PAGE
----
The 80-metre (260 ft) bell tower built between 1912 and 1925 was designed by Aristide Leonori, assisted by his brother Pio Leonori.
Our Lady of the Rosary of Pompeii
During a rare pilgrimage, the miraculous image of Our Lady of the Rosary of Pompeii traveled to America from Italy. The tour was sponsored by the Pontifical Shrine dedicated to Our Lady of the Rosary in the Prelature off Pompeii.
The image, also known as of Our Lady of Pompeii, represents Our Lady of the Rosary as Queen of Heaven, who holds her Son, Jesus, as they hand rosaries to Saint Dominic and Saint Catherine of Siena. St. Dominic holds and contemplates the crucifix, while St. Catherine of Siena gazes in awe. The image is a beautiful reminder of how the Blessed Mother has wrapped countless Catholics in her love and prayers.
The missionary image of Our Lady of Pompeii made the rounds of various dioceses in the USA strengthening the faith of the people, evoking confidence in Christ and promoting devotion to the Rosary.
Blessed Bartolo Longo, who founded the Shrine of Our Lady of the Rosary in Pompeii, Italy, is credited with enshrining the miraculous image in a small chapel there in 1875. On October 21, 1979, Pope John Paul II visited Pompeii as part of a national pilgrimage to Our Lady of Pompeii. On October 26, 1980, Barrtolo Longo was beautified by Pope John Paul II and called “the Man of the Madonna” and “the Apostle of the Rosary”.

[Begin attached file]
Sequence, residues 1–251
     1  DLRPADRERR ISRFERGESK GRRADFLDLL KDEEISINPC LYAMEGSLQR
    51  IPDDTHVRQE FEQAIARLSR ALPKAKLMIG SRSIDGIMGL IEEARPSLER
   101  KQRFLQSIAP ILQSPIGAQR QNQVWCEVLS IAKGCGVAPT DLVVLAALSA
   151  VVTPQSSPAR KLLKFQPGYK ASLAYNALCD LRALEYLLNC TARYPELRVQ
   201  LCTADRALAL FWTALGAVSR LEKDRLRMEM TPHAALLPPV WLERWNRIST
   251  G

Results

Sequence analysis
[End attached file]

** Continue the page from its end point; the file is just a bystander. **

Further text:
On October 7, 1571, the battle of Lepanto took place. Pope St. Pius V asked Europeans to pray for Our Lady’s intercession for a favorable outcome. The reason St. Pius V instituted the feats of Our Lady of the Rosary on October 7 is because “the Virgin Mary of the Rosary made us victors”.
This special image was blessed by the Archbishop of Pompeii and is a replica of the original painting in the Shrine of Our Lady of the Rosary in Pompeii, Italy. It is only the third image of its kind in the world. The Shrine to Our Lady of the Rosary in Bonne Terre, MO was blessed to become the custodian of this image. This special painting is available to travel to parishes to help spread the devotion of the Rosary.
Feast Day - 7th October
The Feast of Our Lady of Pompeii is the Feast of Our Lady of the Rosary, formerly known as Feast of Our Lady of Victory and Feast of the Holy Rosary is celebrated on 7 October.
Church Visiting Time
Piazza Bartolo Longo, 1,
80045, Pompei NA, Campania, Italy.
Tel : +39 081 857 7370
How to reach the Shrine
Naples International Airport in Napoli NA, Italy is the nearby Airport to the Shrine.
Pompei Santuario Train Station in Pompei, Metropolitan City of Naples, Italy is the nearby Train Station to the Shrine.